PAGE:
Dan Bernstein

Dan Bernstein has been the co-host of “Boers and Bernstein” since 1999. He joined the station as a reporter/anchor in 1995. The Boers and Bernstein Show airs every weekday from 1PM to 6PM on The Score, 670AM. Read more of Bernstein’s columns here. Follow him on Twitter @dan_bernstein.
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  • Larry Horse's Arse

    Time for Lovie to have that special little talk with Martz…don’t wait for the bye week to do it.

    • Bronzo

      yes it is Larry… the play calling was horrible…was it 2 running plays called in the second half ?

      Would love to hear what his though process was

  • Bearsfan4071

    Yo Bernsie, I realize you’d prefer players to play without emotion of any kind (after all, it’s not easy to measure the effects of emotion on a player’s athletic talents), but emotion is a part of sports (granted, NOTHING was going to help the Bears play better today, but emotion, ‘fire and passion’, etc. does have an effect on a player’s athletic talents as far as the player playing at a higher level than usual. There have been plenty of studies that support this, and it’s more common thatn you’d like to admit).

    If Urlacher had the national coverage that Favre had when he played, then you’d would have had the sentimental stuff a lot more than heard today.

    • Chris in Scottsdale

      Why? Why would “number of TV’s tuned in” make a difference as to the focus of the broadcast?

  • Denver Deadite

    I must admit, the broadcast surprised me for specifically this reason: FOX loves to take advantage of the storylines (see: NFC CG last year with how they dealt with Cutler’s injury).

    Unfortunately, the Bears completely @#$%ing the bed didn’t surprise me very much either.

  • Ricking Ball

    Agree with most of this, but Dan, I’ve heard you say many times that professional athletes don’t have anything to tap, that they are pros and play to their top level of performance. This is just not true. They are also human. You give them too much credit.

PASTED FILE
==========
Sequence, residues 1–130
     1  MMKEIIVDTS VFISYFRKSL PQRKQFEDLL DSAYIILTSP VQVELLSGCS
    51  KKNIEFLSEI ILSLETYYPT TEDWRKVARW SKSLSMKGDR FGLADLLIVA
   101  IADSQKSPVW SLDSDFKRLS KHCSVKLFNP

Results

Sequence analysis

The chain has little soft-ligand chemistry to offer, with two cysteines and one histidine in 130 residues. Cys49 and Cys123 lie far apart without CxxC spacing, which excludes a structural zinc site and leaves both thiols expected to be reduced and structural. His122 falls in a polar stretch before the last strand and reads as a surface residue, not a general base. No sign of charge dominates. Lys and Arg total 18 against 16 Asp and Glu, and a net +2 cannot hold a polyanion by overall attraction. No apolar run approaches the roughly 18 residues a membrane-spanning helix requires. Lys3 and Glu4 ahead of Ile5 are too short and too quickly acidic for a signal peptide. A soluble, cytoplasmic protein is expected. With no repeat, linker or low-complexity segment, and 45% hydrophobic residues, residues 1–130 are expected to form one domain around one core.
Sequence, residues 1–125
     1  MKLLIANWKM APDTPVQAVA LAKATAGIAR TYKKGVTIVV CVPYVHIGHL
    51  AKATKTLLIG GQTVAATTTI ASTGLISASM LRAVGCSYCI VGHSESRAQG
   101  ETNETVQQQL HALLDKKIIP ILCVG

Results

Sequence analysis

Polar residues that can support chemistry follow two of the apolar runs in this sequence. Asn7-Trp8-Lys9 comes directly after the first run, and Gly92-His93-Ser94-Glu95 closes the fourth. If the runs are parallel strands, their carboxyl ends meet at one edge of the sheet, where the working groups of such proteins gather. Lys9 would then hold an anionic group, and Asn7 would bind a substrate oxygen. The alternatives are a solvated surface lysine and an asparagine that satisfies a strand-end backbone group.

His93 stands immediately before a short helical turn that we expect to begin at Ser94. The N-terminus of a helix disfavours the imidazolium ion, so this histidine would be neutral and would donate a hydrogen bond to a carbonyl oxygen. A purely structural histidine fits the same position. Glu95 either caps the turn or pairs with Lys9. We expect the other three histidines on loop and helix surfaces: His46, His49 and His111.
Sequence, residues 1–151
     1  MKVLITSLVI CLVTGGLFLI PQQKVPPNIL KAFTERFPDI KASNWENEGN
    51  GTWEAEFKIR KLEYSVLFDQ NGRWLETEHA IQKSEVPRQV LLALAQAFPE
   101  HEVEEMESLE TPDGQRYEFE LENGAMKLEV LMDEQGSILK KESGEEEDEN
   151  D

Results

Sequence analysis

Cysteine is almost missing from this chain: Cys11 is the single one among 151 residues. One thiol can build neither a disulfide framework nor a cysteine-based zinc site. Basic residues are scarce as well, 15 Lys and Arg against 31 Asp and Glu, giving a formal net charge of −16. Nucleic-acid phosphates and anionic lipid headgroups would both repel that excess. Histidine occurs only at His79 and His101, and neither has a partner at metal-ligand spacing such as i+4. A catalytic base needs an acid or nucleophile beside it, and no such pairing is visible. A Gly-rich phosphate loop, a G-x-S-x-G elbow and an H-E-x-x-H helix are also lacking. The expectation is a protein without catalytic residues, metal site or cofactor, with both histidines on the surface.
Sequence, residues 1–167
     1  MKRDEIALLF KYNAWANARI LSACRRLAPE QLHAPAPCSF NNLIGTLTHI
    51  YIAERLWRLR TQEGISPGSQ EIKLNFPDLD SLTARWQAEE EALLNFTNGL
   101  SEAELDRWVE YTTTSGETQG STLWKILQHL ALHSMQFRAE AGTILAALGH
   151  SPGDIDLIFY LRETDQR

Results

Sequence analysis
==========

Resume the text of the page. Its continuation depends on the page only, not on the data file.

Did you not watch Alex Rios this summer?

  • Ry

    FOX may have taken the high road this week, but I doubt they will next week when the Bears play the Packers. Get ready for fake newspaper headline graphics!!!!!

  • Bronzo

    I see Dan’s point but I just don’t know why he has to COMPLETELY disregard emotion when it comes to football. These guys are human beings and emotion is going to play a part in their performance. Did anybosy hear Doug Plank on Mac’s show on Friday? he told a story of when the Bears played a game the day after Mugsy Halas died in 1979. he told quite a differnt story. In short they came out and played at a much higher level that day due to all the emotions running very high on the team.

    I guess it all depends on the person.

  • Chris in Scottsdale

    “Fire and Passion” and “Effort” are not the same thing.

    Also, A player can (and should be able to) try his hardest and focus his energy without needing some sort of exterior factor to serve as motivation.

    I believe we get the best Brian Urlacher has to offer every week (don’t you?), so I refuse to believe he tried any harder yesterday due to heightened emotion. With that in mind, if it had any effect on his play at all, it may have served to detract from his focus. I’d like to not believe that as well.

    • Bronzo

      I agree with your point on the Bears getting Urlacher’s best effort week in and week out….I think they (we) do. But as a human being I’m talking about emotion not effort or “fire and passion”. Football is an emotional game played by emotional players…See Ray Lewis for example…

  • Jake

    So how did Olin do on Sunday Dan?Have you mentioned it yet?

  • wheelingdad

    Nice article and take on the awkward situation with Urlacher.
    Bernsie can write some good stuff